World’s Energy Strategies


This winter is going to be cold.

This winter is likely to be a cold one, as energy resources such as crude oil, coal, and gas have soared sharply. In New York, crude oil is trading at a seven-year high, and in many parts of Europe and Asia, oil prices have jumped as much as four times. This year’s energy crisis is happening all over the world and is by no means a stranger to the world.

We are finally recovering economically from the corona after more than two years, but this has been accompanied by a surge in demand for resources. Furthermore, in recent years, the energy shift toward renewable energy has been driven by countries’ environmental policies of decarbonization. As a result, the supply of conventional energy resources cannot keep up with the rapid changes in demand after the Corona.

At the same time, the war in Ukraine has cut off the pipeline to Russia, which has abundant resources. This resulted in a major blow to the world, especially to European countries.

In response to this energy crisis, some countries have announced the prospect of localized rolling blackouts.

On the other hand, there are bright prospects, such as an accelerated shift to green energy.

In this newsletter, we will delve into how countries around the world will be affected by the energy crisis, with a focus on future developments.

Energy crisis: What’s the worst that could happen this winter? (My.Europe)


Global Energy Saving Strategies

In the wake of the war in Ukraine, European countries that depend on Russia for energy are scrambling to survive this winter.

If the power companies adjust their policies, rolling blackouts will cause all kinds of inconvenience to industry and people’s lives. To avoid such a situation, Europe seems to expect people to voluntarily save energy.

European energy-saving methods are rooted in the culture of each country. Christmas lights shining all over the city of Denmark, which is still fresh in our own memories. This year, the municipality of Copenhagen is planning to shorten the duration and time of such illumination. In Italy, Nobel laureate Giorgio Parisi has suggested that when boiling pasta, the water should be turned off when it boils to reduce electricity costs. Already in May, Unione Pastai, an association of pasta producers, has recommended the so-called “Parisi method.

While it tends to be a short-sighted goal to overcome the energy crisis this winter, the focus in France has shifted from energy conservation to protect infrastructure and to relate awareness to climate change. Energy Transition Minister Agnès Pannier-Runacher announced an electricity conservation plan and called on the entire country to achieve a “10% reduction in energy consumption” in two years. She describes this as a “first step” toward the 40% reduction by 2050, the goal of carbon neutrality recommended by climate experts.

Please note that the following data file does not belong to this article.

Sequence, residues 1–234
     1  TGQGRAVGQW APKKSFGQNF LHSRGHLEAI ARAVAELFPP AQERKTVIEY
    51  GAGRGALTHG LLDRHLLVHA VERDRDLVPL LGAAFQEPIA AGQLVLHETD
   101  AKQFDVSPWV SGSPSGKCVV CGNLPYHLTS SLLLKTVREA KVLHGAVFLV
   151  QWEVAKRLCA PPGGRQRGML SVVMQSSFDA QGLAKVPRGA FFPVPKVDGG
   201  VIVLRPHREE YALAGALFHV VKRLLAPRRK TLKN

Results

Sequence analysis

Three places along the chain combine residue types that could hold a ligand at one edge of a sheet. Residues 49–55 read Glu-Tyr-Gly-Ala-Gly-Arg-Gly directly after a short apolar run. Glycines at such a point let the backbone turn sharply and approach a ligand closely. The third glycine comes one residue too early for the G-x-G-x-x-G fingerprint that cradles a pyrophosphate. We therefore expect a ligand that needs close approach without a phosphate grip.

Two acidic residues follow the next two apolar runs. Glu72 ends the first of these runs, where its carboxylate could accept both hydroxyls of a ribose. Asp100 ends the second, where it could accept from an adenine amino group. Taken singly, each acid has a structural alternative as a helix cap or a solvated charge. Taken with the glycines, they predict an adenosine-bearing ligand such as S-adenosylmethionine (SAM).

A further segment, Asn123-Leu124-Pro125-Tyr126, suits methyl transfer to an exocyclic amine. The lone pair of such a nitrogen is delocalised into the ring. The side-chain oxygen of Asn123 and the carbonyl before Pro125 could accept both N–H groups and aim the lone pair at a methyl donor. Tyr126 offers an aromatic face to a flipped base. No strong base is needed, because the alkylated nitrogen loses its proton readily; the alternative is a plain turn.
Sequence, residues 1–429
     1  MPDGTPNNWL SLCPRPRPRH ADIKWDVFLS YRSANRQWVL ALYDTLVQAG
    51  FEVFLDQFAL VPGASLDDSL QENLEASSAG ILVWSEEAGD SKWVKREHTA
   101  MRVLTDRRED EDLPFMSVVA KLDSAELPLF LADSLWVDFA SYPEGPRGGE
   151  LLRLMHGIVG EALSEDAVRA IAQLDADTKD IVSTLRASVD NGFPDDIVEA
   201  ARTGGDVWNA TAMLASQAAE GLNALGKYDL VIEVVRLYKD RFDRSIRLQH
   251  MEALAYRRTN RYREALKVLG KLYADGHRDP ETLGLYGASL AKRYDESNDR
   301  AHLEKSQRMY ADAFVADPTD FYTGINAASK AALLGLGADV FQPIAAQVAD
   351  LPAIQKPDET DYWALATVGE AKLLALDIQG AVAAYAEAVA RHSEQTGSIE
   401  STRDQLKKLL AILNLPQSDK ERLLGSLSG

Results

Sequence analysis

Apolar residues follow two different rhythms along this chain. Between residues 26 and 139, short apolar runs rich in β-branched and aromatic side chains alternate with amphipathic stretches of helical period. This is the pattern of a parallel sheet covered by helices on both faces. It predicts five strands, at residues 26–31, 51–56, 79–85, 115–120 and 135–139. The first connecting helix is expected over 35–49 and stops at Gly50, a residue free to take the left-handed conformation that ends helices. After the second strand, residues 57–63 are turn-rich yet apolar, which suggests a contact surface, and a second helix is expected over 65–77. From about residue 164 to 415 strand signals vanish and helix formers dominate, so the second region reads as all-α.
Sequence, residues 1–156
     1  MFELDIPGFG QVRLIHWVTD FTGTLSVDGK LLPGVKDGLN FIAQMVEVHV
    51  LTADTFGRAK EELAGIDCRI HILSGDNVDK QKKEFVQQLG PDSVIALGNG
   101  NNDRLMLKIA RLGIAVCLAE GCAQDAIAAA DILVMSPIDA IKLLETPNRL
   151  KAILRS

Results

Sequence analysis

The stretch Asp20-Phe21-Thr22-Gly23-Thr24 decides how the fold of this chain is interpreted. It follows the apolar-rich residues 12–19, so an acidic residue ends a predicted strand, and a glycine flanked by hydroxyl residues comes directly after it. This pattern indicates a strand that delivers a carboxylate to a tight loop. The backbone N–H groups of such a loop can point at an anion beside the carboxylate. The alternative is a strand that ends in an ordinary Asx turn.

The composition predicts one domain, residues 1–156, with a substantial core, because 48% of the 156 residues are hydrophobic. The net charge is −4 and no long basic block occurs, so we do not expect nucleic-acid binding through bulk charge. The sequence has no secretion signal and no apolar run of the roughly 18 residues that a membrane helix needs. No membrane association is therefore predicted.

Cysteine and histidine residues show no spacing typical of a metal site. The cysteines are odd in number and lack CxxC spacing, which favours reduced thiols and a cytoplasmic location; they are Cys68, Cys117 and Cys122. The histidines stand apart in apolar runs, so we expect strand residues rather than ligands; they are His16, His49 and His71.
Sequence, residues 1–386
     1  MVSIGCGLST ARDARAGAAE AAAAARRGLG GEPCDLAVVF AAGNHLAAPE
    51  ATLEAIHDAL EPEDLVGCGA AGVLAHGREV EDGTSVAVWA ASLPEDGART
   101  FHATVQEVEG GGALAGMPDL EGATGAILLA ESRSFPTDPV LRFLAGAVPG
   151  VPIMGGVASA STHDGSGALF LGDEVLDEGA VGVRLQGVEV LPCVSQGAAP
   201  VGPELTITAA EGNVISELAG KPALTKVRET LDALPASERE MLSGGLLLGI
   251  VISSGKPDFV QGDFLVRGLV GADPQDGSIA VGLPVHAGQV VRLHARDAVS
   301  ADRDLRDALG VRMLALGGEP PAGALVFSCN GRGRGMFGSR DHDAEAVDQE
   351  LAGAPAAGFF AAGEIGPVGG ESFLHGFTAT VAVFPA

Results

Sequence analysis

By taking a long-term view of this energy crisis, efforts will be required to radically reduce dependence on fossil fuels.

What measures are European countries taking to conserve energy? (euronews.)

One Vote for Freedom of Choice and Society

Historic spikes in energy prices, which are essential to people’s lives. Many people may be feeling anxious ahead of winter.

I, myself, felt a surge of anxiety as I studied the news. On the other hand, I frankly do not feel that the situation is so critical that it will strain my daily life. Since I do not drive a car, I have few opportunities to directly feel the rising price of gasoline. Although I shop for daily necessities and pay for electricity and gas, it is difficult to compare prices simply because I do not have a proper grasp of the amount of gasoline I use each month.

So how have electricity, gas, and gasoline prices actually changed? In Japan, electricity prices are 1.10 times higher, gas prices are 1.11 times higher, and gasoline prices are 1.29 times higher than in January 2019 (as of March 2022). The 1.77-fold increase in electricity prices in Italy and the 1.88-fold increase in gasoline prices in the U.K. show that they are relatively contained.

Nevertheless, price increases are undeniable. Electricity prices for Japanese households have risen about 22% in the last decade. Is there any new option for the unstoppable steady rise? With electricity deregulation starting in 2016, it would be a good idea to first consider reviewing the electricity and gas supply to suit your lifestyle. Or you could change your perspective and choose a company that fits your values if you are going to pay for it anyway. Whether it is empathy for Purpose, investment in renewable energy, or donations to support groups, it is time for our consumption to become a vote for society.

エネルギー白書2022 (経済産業省)

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